One of the two silicon semiconductor substrates was then cleaved vertically and the resulting cross-section of the silicon semiconductor substrate was observed with the aid of a scanning electron microscope (SEM). From the cross-section so obtained there was observed: (1) a patterned focusing layer having reproducible positive tapers of about 80 degrees with respect to the blanket silicon nitride layer; and (2) bottom widths of about 0.32 microns of a series of tapered apertures defined by the patterned focusing layer.

The exposed portions of the blanket silicon nitride layer on the other silicon semiconductor substrate were then etched through a second plasma etch method while employing the patterned photoresist layers and the patterned focusing layers as a second etch mask layer. The second plasma etch method employed an etchant gas composition comprising carbon tetrafluoride and trifluoromethane at: (1) a reactor chamber pressure of about 300 mtorr, (2) a radio frequency power of about 1300 watts at a radio frequency of 13.56 MHZ; (3) a substrate temperature of about zero degrees centigrade; (4) a carbon tetrafluoride flow rate of about 80 standard cubic centimeters per minute (sccm); (5) a trifluoromethane flow rate of about 40 standard cubic centimeters per minute (sccm); and (6) a helium background flow rate sufficient to provide a stable plasma, for a time period of about 36 seconds which included about 20 percent overetch.

The patterned photoresist layer and the patterned focusing layer were then removed from the second silicon semiconductor substrate through an oxygen plasma stripping method as is conventional in the art, and the second silicon semiconductor substrate was cleaved vertically to provide a cross-section which was observed with the aid of the scanning electron microscope (SEM). From the cross-section of the second silicon semiconductor substrate there was observed patterned silicon nitride layers suitable as a thermal oxidation mask for forming field oxide (FOX) isolation regions within and upon the second silicon semiconductor substrate through a local oxidation of silicon (LOCOS) method, where the patterned silicon nitride layers defined apertures of aperture width dimension about 0.32 microns.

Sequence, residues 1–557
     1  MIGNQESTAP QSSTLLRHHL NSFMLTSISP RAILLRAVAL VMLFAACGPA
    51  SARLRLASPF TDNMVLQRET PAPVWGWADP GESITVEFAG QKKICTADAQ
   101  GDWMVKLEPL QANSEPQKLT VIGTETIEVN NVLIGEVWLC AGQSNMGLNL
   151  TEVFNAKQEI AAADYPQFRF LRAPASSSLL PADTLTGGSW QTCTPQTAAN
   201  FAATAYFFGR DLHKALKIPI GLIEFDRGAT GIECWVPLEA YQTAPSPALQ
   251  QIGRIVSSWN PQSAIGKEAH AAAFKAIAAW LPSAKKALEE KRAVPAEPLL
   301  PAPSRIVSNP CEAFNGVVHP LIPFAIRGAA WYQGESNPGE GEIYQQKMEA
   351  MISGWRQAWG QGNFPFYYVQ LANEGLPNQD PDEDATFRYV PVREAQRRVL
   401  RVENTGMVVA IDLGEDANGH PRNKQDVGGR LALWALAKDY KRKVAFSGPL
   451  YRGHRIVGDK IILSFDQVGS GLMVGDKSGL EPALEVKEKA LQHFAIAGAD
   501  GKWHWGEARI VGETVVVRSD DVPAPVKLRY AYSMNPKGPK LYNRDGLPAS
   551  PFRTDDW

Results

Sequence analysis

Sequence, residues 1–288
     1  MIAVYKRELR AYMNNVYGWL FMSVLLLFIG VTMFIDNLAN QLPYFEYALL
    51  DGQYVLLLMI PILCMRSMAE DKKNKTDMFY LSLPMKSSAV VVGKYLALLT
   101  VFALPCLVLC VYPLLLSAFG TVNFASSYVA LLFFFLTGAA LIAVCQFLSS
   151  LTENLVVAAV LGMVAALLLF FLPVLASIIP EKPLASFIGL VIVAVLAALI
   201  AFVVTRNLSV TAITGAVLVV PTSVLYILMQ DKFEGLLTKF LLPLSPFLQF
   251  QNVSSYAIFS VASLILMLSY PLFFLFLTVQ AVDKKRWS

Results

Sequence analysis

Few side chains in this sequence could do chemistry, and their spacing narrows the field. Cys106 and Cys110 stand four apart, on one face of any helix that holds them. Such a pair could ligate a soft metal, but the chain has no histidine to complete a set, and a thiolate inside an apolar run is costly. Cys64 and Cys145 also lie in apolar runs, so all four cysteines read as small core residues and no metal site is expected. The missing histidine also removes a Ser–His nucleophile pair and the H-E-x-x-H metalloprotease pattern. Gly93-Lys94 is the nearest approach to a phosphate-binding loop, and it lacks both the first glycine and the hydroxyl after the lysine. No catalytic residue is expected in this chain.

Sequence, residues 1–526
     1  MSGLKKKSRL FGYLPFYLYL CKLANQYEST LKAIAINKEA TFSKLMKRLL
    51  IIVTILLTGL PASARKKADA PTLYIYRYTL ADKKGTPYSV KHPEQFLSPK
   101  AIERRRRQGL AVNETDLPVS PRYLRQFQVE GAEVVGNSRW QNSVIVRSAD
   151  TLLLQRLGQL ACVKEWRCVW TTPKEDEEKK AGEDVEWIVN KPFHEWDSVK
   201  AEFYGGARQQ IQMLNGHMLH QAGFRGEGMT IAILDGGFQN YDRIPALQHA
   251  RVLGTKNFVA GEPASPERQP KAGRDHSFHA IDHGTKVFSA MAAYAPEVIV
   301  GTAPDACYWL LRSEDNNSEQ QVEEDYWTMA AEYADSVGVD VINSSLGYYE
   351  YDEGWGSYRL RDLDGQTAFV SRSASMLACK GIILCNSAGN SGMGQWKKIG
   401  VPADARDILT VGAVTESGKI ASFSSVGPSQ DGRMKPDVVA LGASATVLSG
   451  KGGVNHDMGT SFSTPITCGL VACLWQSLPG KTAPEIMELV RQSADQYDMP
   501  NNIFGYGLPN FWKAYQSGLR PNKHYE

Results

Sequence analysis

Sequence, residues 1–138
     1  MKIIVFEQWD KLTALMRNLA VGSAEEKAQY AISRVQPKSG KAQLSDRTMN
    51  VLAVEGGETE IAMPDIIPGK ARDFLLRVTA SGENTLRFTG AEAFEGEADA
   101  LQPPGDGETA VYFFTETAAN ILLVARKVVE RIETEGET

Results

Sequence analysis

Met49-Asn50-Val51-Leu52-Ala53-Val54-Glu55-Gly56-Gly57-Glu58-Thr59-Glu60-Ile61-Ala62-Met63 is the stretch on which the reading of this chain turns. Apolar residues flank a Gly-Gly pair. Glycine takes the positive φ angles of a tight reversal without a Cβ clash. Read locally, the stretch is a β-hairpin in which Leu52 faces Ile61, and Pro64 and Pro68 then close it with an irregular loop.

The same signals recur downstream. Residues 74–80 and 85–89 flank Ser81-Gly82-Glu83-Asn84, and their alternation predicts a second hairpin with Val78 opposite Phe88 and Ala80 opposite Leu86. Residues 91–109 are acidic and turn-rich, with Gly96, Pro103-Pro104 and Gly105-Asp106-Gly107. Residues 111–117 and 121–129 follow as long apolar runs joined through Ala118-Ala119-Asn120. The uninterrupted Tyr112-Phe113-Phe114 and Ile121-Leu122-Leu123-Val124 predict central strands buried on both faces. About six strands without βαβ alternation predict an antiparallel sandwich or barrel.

From the foregoing example, it is seen that there may be formed within an integrated circuit a patterned layer, such as a patterned silicon nitride layer, of aperture width dimension as narrow as about 0.30 microns while employing with enhanced process latitude a near ultra-violet (NUV) (ie: 365 nm) photoexposure radiation method.

As is understood by a person skilled in the art, the preferred embodiment and example of the method of the present invention are illustrative of the method of the present invention rather than limiting of the method of the present invention. Revisions may be made to structures, materials and dimensions through which is provided the preferred embodiment and example of the method of the present invention while still providing embodiments and examples which are within the spirit and scope of the method of the present invention, as defined by the accompanying claims.

BRIEF DESCRIPTION OF THE DRAWINGS

The objects, features and advantages of the present invention are understood within the context of the Description of the Preferred Embodiment, as set forth below. The Description of the Preferred Embodiment is understood within the context of the accompanying drawings, which form a material part of this disclosure, wherein:

FIG. 1 to FIG. 6 show a series of schematic cross-sectional diagrams illustrating the results of progressive stages in forming within and upon a silicon semiconductor substrate field oxide (FOX) isolation regions through a local oxidation of silicon (LOCOS) method employing a thermal oxidation mask formed from a patterned silicon nitride layer formed through the preferred embodiment of the method of the present invention.

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Classifications
U.S. Classification430/313, 257/E21.256, 216/41, 216/72, 438/738, 430/316, 257/E21.257, 257/E21.29, 438/713
International ClassificationG03F7/09, H01L21/027, H01L21/311
Cooperative ClassificationH01L21/0276, H01L21/31138, H01L21/31144, G03F7/091
European ClassificationH01L21/311C2B, H01L21/311D, G03F7/09A, H01L21/027B6B4